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Apple bows to developer complaints, will allow web apps in EU … with a catch

Apple is walking back some of its restrictive response to EU regulations that have forced it to make changes to the iPhone and iOS. When the EU said that Apple must allow third-party web browsers on the iPhone, the company responded by cutting off web apps for the EU. After developers and some users complained, the company has changed its policy and will again allow EU users to save a website as an app on their home screen. 

Web apps harken back to the original days of the iPhone, when there was no App Store. Instead, you could pin a web page to your home screen and it worked just like an app. The feature evolved to allow web apps to save data and send push notifications to the user. Macrumors has a good walkthrough of how web apps work and why they are a benefit. A web app is much smaller than an app that you download from the App Store, for instance. 

Notably, Xbox Cloud Gaming relies on a web app to function on the iPhone. You can play all of your Xbox games on your phone, using an Xbox controller, thanks to the Xbox website that acts as a web app. By adding this feature back into iOS 17.4, Apple has saved Xbox gamers who stream their game library through their iPhone. The software update will be available in early March, so we expect it any day now. 

Web apps are a security problem, according to Apple

The problem with web apps, described by Apple, is that iOS is only designed to be secure when a Webkit browser creates the web app. Webkit is Apple’s own browser engine, different from Chromium browsers like Google Chrome and Microsoft Edge, and other browsing engines. If some third-party Chromium browser creates a web app on iOS, it might gain access to the camera, or install extra software without the user’s knowledge. To deal with that problem, Apple announced it was eliminating the ability to use web apps for EU users.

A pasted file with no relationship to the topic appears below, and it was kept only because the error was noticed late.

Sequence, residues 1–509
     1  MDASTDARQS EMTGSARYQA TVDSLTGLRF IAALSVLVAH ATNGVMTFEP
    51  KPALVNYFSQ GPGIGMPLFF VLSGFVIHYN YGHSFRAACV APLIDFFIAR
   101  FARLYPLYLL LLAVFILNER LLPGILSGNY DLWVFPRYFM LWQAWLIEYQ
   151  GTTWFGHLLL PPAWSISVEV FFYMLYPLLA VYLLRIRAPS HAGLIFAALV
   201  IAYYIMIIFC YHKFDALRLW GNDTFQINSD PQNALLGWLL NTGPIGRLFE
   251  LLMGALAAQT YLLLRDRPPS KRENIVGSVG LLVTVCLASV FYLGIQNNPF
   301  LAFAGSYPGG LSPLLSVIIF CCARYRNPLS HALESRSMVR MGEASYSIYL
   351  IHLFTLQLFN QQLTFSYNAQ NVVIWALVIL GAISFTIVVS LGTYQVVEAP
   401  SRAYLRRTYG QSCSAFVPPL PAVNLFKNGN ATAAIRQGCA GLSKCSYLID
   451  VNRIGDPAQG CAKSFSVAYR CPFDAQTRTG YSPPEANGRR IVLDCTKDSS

Thankfully, Apple says in a recent update that it has changed course and will allow third-party browsers to create web apps. When those apps are created and saved to the home screen, it seems they will run in Apple’s own Webkit browser engine instead of using the third-party browser. It’s unclear how this might affect performance, but it seems like a reasonable compromise for now. 

“We have received requests to continue to offer support for Home Screen web apps in iOS, therefore we will continue to offer the existing Home Screen web apps capability in the EU. This support means Home Screen web apps continue to be built directly on WebKit and its security architecture, and align with the security and privacy model for native apps on iOS,” says Apple on its developer page

Apple in the past said that web apps are not very popular, citing “very low user adoption of Home Screen web apps” as a reason why the feature was not worth the extra effort to develop a proper, secure fix for this issue.